Last week, I pitched the new LG V50 ThinQ, with its Dual Screen system, against the Lumia 950 XL, showing that the LG flagship is a fast and capable Android device with interesting, if quirky, possibilities. But there was a question mark over its camera system, so let's rectify that now with a traditional imaging head-to-head against the 950 XL. Has LG messed up its image processing, or is this a return to form?
It's a fair cop, the headline is a bit sensationalist, but it does link the two smartphones after a fashion, in that they each do interesting things with extra screens. Plus there's the extra link in that Microsoft's new Surface Duo ('Surface Phone') will be a two screened hinged affair, albeit available in a year's time, and the LG V50 Dual Screen is available right now, but with some of the same ideas.
Forgive a little rant, but I thought my general level of 'cross-ness' over the behaviour shown below might a) help guilty developers mend their ways, and b) attract your attention to what I consider to be shady practice when getting users to download applications from the Microsoft Store. PS. This news post is normally £399 to read, but today it's absolutely free!!
Whether you have/had a Lumia 1020 or 930 or 950, one of the core 'must haves' for you is probably cutting edge imaging - the absolute best photos possible from a phone. iPhones have been gradually 'coming up on the rails' in this regard and with the new iPhone 11 Pro I showed a few weeks ago that its cameras are right up there, and even exceeding those of the Lumia 1020 and Lumia 950. I'll revisit the subject when the 11 Pro's 'Deep Fusion' update hits, but in the meantime here's a feature comparison across the board between the flagship iPhone 11 Pro and the similarly sized previous camera champion, the Lumia 950. Cost notwithstanding, maybe the time is now right to move to an iPhone (and not just the cheaper '11')?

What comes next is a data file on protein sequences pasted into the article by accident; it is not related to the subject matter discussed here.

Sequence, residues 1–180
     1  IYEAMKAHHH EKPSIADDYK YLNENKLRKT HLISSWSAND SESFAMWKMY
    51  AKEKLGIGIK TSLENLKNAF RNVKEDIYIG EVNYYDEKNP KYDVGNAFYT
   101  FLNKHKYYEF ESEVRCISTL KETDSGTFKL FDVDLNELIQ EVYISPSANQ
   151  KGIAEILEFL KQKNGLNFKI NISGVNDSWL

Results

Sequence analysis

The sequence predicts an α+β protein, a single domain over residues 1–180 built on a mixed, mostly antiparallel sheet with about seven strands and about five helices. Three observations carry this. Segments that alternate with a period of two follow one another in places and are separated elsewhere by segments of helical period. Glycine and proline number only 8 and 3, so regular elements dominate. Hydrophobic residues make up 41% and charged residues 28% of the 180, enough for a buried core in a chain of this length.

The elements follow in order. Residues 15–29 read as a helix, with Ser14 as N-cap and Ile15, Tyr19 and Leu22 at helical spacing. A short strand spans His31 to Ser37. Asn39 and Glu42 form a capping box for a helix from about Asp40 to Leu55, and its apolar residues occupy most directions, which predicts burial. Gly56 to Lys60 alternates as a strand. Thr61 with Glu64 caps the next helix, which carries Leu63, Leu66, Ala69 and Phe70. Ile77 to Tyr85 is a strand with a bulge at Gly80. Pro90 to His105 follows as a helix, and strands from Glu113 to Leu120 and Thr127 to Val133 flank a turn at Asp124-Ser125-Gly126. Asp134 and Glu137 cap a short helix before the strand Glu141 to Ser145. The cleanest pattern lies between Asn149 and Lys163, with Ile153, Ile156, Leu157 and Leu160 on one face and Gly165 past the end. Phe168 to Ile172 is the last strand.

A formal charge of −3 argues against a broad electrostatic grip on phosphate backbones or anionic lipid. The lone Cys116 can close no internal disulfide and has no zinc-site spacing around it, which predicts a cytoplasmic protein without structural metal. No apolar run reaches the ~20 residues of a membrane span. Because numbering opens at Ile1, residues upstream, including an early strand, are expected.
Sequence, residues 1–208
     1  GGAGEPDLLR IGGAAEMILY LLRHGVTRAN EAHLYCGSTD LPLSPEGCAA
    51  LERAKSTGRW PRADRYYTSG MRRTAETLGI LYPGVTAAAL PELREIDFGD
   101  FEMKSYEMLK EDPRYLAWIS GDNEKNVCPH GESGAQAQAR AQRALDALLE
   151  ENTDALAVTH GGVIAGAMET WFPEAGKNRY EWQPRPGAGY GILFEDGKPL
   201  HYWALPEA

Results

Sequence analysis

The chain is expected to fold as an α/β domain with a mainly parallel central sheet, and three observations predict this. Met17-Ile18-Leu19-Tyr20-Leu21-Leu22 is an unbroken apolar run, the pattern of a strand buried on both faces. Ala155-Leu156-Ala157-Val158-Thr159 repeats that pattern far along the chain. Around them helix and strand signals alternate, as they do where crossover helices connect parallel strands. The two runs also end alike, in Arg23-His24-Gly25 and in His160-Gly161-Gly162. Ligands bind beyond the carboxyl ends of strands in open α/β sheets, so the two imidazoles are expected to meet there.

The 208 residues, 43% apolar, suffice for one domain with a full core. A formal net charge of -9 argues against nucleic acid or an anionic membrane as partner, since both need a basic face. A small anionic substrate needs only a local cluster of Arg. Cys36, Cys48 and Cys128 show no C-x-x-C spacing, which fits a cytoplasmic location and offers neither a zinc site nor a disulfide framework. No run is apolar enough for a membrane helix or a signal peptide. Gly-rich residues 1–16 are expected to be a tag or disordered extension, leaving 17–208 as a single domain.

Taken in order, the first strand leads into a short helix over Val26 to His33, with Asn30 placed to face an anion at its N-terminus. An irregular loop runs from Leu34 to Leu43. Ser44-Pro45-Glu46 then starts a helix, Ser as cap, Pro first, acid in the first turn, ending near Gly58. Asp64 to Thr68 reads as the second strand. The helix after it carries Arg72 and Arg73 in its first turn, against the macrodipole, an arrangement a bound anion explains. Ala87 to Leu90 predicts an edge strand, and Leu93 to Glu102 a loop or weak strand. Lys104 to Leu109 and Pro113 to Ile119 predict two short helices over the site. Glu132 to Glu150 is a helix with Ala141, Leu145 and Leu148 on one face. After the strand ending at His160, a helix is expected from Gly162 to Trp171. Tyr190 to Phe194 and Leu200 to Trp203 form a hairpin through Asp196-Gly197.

The Samsung flagship for 2019, the Galaxy Note 10+, was launched a month or so ago, but I'm just catching up with it now. I'm expecting similar results to those from the Galaxy S10 series earlier in the year, but I know how much you like my Lumia 950 shootouts - can the triple-camera-ed Note 10+ surprise us by keeping the edge enhancement dialled back?
The dust is settling around Microsoft's shock announcement of the Surface Duo, running Android but with much of Microsoft's UI ideas. Some see the Duo as the next Holy Grail device, some see it as the ultimate betrayal of Windows Phone. As usual, the truth is somewhere in between, though I do have multiple worries over this new 'not a phone but kind of is' Surface product.
Last weekend I went hands-on with Samsung's brand new Galaxy Fold in London. Yes, it runs Android and this is being published on AAS and AAWP, but I believe it's a very relevant current data point in terms of mobile computing on the go. Not least because it's a modern equivalent to the Nokia Communicators of old. But it also paves the way for thoughts on where Microsoft is going next with its Surface Duo...
Following my detailed general head-to-head between the Windows 10-powered IDOL 4 Pro and a new budget-priced flagship, the Xiaomi Mi 9T Pro, earlier in the week, I did promise an imaging shootout too, this time with the Lumia 950 XL. Does the Mi 9T Pro measure up in the imaging stakes as a Lumia replacement? Let's find out...
In the continuing search for reasonably priced replacements for Windows 10 Mobile smartphones, the name Xiaomi keeps popping up, offering high end specifications at very low prices. In that vein, I've managed to get my hands on the new Mi 9T Pro, its flagship at only £350 or so in the UK, which is amazing. So how does it compare, blow by blow, with my top specced W10M handset, the Alcatel IDOL 4 Pro?
I have to say that I find it quite amusing that the tech industry is falling over itself in 2019 to embrace concepts that were commonplace back in the early days of Windows Phone - from well over six years ago. For every naysayer that slams Windows Phone for its weaknesses, remember that it also led the world in several ways, not least UI responsiveness, dark themes, and augmented reality mapping!